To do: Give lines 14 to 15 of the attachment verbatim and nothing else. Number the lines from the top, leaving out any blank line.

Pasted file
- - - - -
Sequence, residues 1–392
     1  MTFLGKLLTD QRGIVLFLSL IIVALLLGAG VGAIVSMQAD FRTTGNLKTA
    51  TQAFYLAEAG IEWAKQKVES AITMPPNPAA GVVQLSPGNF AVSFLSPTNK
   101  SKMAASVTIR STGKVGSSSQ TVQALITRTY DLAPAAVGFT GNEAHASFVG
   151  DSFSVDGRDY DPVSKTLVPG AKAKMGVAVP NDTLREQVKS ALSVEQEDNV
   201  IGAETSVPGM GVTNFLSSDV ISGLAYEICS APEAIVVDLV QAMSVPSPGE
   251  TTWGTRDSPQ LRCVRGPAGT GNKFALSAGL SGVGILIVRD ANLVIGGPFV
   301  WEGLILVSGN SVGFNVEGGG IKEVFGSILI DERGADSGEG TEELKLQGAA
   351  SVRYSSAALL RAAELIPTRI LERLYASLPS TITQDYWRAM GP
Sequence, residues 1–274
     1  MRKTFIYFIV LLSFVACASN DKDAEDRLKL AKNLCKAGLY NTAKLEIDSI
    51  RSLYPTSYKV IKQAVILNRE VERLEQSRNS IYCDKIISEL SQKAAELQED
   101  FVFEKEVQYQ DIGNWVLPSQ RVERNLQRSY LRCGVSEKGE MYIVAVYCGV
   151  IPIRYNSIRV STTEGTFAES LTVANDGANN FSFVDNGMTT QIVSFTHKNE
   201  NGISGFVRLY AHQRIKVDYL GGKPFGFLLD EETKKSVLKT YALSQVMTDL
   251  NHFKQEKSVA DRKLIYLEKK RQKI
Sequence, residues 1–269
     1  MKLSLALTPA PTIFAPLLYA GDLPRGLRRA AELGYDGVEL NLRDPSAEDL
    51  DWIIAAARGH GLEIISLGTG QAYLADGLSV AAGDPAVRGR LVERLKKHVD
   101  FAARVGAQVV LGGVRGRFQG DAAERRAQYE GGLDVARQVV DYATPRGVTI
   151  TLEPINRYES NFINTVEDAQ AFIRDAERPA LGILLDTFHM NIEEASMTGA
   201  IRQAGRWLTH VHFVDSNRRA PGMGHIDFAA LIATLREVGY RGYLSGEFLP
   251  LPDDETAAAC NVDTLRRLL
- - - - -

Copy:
   151  IPIRYNSIRV STTEGTFAES LTVANDGANN FSFVDNGMTT QIVSFTHKNE
   201  NGISGFVRLY AHQRIKVDYL GGKPFGFLLD EETKKSVLKT YALSQVMTDL